Gastric Band Removal & Conversion
Some patients who currently have gastric bands are finding that their band is not working for them and are undergoing a band removal and a subsequent sleeve gastrectomy.
This usually comes down to weight regain, gastro-oesophageal reflux disease (GORD) or food intolerance, which presents as either intermittent food bolus obstructions or complete intolerance of solids, meaning patients are living on an unhealthy liquid diet.
Less common causes of band removal are enlargement of the gastric pouch, band slippage and band erosion.
At Circle of Care, we perform band-to-sleeve conversions in two separate operations as we strongly believe this is the safest approach.
Firstly, the laparoscopic removal of the band, port and tubing is performed. This procedure typically takes half an hour and involves an overnight stay in hospital.
Secondly, the sleeve gastrectomy is performed 10 to 12 weeks later, allowing scar tissue surrounding the band to virtually disappear and the gastric stapling device able to divide the stomach more easily, greatly reducing the chance of leakage.
It is important to note that patients who convert to a gastric sleeve from the gastric band on average have an excess weight loss of approximately 60 percent at 12 months.
What is the band removal procedure?
Once a general anaesthetic has been administered, five key-hole ports are inserted into the patient’s abdomen. The port site scars from a previous band insertion are used for this and usually no additional skin incisions are required. A minimalist approach is taken avoid the creation of more scar tissue by unnecessary dissection.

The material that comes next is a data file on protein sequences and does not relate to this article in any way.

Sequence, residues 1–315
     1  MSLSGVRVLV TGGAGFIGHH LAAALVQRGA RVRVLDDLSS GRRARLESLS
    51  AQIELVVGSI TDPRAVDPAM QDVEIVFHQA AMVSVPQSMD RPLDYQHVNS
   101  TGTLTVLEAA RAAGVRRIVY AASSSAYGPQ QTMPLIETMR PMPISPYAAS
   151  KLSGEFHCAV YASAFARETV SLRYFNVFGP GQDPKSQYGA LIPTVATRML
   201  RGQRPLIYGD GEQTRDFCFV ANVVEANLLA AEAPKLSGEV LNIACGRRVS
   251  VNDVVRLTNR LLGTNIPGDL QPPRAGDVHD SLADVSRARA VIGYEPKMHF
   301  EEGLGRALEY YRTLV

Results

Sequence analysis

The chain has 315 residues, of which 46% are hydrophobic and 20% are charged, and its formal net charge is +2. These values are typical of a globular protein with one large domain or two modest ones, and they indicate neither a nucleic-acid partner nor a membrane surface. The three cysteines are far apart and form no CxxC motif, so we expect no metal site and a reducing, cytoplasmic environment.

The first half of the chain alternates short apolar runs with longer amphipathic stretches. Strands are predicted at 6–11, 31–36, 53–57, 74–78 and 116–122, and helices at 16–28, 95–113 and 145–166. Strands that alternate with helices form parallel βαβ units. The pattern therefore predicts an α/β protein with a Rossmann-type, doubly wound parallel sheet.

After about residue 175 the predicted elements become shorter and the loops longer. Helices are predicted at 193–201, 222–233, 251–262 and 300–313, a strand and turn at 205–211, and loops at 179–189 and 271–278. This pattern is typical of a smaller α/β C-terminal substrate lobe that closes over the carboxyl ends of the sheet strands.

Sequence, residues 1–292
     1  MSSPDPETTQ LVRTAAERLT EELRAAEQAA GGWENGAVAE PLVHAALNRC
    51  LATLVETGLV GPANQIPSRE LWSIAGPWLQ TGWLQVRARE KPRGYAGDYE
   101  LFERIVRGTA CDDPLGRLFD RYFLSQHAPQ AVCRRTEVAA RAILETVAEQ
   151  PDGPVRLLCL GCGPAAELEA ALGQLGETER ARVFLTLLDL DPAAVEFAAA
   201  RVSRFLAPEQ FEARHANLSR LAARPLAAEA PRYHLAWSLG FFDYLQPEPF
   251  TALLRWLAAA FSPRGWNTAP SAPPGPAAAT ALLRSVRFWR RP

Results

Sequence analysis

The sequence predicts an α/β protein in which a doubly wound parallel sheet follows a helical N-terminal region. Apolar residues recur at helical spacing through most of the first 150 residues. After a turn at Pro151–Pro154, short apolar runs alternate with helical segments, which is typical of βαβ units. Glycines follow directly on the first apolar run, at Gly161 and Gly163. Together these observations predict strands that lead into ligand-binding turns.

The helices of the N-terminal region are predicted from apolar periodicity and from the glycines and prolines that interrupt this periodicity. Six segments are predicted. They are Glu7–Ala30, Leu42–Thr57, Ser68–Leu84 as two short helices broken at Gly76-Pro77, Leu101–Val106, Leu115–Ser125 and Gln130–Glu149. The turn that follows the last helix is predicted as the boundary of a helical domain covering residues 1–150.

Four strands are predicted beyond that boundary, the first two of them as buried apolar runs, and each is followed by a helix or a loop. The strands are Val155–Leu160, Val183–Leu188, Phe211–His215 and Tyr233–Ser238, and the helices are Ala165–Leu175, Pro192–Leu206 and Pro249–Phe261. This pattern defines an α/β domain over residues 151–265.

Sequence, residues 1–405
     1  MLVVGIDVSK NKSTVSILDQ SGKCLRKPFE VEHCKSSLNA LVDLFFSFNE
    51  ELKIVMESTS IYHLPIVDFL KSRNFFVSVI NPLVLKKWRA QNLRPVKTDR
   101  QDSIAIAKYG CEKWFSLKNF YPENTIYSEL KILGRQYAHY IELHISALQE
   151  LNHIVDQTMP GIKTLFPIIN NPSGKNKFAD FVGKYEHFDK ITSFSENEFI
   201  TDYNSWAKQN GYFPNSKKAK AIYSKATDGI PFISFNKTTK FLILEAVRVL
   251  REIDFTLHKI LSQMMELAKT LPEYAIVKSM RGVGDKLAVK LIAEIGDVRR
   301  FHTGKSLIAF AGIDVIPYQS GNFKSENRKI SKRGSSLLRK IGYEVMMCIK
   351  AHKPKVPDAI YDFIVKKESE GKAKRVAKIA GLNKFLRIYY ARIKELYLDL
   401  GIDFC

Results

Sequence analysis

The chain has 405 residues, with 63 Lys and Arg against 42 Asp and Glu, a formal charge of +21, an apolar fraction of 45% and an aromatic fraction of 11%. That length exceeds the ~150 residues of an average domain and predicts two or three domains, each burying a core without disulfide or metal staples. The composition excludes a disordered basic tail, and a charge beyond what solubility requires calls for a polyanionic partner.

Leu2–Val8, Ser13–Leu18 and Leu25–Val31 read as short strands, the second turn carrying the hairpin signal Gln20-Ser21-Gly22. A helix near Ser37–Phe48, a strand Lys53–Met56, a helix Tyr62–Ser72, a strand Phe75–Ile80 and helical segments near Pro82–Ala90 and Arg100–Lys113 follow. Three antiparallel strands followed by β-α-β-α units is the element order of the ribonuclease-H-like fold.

Once the liver is retracted up and away from the stomach, the operation begins by dividing any adhesions or scar tissue between the stomach and liver. The scar tissue capsule that has formed around the outside of the band is then dissected away allowing the band to spin freely around the stomach.
At this point, the tubing on the inside of the abdomen is cut and the band divided into 3 pieces to facilitate removal. The band is re-assembled on the patient’s outside and a photo taken to ensure no foreign material has been left inside the abdominal cavity. The laparoscopic ports are then removed from the abdomen and the gastric port dissected off the sheet of tendon that covers the abdominal wall muscles.
Wounds are closed with buried absorbable sutures and local anaesthetic injected.
This procedure occurs 10 to 12 weeks post band removal once band scar tissue has softened and dissipated. This procedure is very similar to a primary sleeve gastrectomy.
However, careful attention is paid to adequately dissect the stomach at the previous site of the band which may be technically challenging and sometimes avoided by surgeons. If this is not performed properly, problems such as inadequate resection of stomach and sleeve migration into the chest cavity are more likely to occur which can compromise the sleeve and weight loss outcomes.